Q: How long did you apply the Salt Hoof Rub to his hooves?

A: Only 3 times (one evening, one morning and one night), but remember, every horse is different. I started with one evening application in his stall. Then I repeated a month later. Salt is extremely drying. Surprisingly so, even in Oregon during the winter. his sole is now hard and this worked so much better for him then numerous other products. In fact, because his sole is hard and he is no longer lame I have stopped using the Salt Hoof Rub. It was amazingly effective.

Care of the Horse

A nice old quote-regardless of how we feel about

the horses ability to reason.

Every Horse is a Pegasus!

Illustration of The Horses Nose

Presenting the Equine Alar Cartilage, that funny stiff part of your horses nostril.

(a big Thank You goes to Shannon Brown for identifying the name of this unusual part.)

Bit Testing

The Hot Bit Project

Why are we testing the bits?

Veterinarians seem to agree that there has been a puzzling rise in equine immune disorders and  Cushings disease. Bits (even expensive bits) are made form metal that has few or no quality control checks in place and often the metal comes from China and Vietnam. The bits are in the horses mouth for hours at a time, in close proximity to the horses pituitary gland.

Contaminated metals, it seems, are showing up in consumer products and this means all

livestock products could be at risk.:

Hot Metals found in Consumer Products

The old bits would be fine but we felt the the more recent bits could be contaminated

Results in 10/24/13

Here the bits being tested at the UofO by Don, who kindly took time out to do this.

The bits tested “All Clear” meaning no radioactivity was found.  This batch was mostly older bits but we will test again on 10/28.

- A big Thank You to everyone who supported this project, and to Dani at McKenzie Feeds, Springfield, OR.

you can see a video here

Chewing is Good - Yawning is Better!

In training a horse, we know to watch for the moment he “chews” which means that he’s starting to relax and may be processing the information we give him.

If this is so important, why do we stretch other parts of the horse to loosen them and improve movement but not his face? Sure, Bodyworkers can work on his TMJ and poll, but these are all mechanical aspects. Not only can we teach our horses how to do a facial stretch, we can let him know it’s OK to express themselves.

First, encourage your horse to yawn and “loosen up”.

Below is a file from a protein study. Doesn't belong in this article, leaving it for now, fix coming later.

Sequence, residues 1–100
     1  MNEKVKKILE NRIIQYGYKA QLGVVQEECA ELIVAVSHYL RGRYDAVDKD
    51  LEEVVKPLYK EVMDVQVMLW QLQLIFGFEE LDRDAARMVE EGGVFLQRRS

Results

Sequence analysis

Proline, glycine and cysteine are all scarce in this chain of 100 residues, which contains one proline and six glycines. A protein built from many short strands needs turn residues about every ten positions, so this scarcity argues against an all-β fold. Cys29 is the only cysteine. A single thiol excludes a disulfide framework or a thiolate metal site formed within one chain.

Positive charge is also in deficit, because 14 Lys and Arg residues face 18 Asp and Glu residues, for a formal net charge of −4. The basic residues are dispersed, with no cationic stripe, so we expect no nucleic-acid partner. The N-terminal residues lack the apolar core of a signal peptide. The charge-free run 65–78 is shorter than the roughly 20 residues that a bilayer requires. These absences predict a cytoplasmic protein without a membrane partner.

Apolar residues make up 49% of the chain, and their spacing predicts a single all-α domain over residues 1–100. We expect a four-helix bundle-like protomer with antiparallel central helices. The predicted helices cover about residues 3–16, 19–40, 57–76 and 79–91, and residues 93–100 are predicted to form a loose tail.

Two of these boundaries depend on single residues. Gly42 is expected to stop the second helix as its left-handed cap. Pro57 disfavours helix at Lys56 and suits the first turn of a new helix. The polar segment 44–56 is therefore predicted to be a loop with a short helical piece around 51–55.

He may feel more and more comfortable and begin to be more expressive and again, watch for a difference in how he relates to you after getting the go ahead to yawn in your presence.

Rowan, my horse has changed a lot. I was told he had been whipped in the head before I got him.

The old guy who owned the barn where I met Rowan said it had taken him a year and a half to just touch his forehead. He could be haltered but no touching aside from that. This exercise took a lot of patience, actually, I didn’t think he’d ever get it. Finally after a long time he started to mimic me and his buddy Archer, and yawn. It was like a switch had turned on, he opened up to the point were he was showing me gestures like a beautiful Spanish walk, where did he learn that?! Not me. Yawning made him more comfortable and now he has started showing me his special talents!

An experimental study of the Influence and Paralysis of Rabbit facial nerves vs skeletal response can be found here

This brings up the question - DO we cause partial paralysis in the face with over-tight bridles or undo force when handling and Does this cause asymmetry in the skeleton- especially in the training of young horses, thus leading to problems of balance and saddle fit.

I’ve heard of dental issues causing balance issues, and TMJ, but never the possibility that young horses may be compromised by for instance, by knotted halters and tight bridle components.

If the nerve is “compressed to the point where numbness occurs, there is damage. If nerve damage may affect the balance of the bones in their head, couldn’t this lead to compensation down the entire spine. Are most people observant enough to actually notice that their horse has partial paralysis of the face, especially when they tighten down the crank and prevent expression?

I use treat exercises and encouragement to stretch the face and Lip muscles just as much as stretching the rest of the horse. You can teach your horse to open his mouth, yawn and smile, and stretch the lip to the right and left by rewarding him.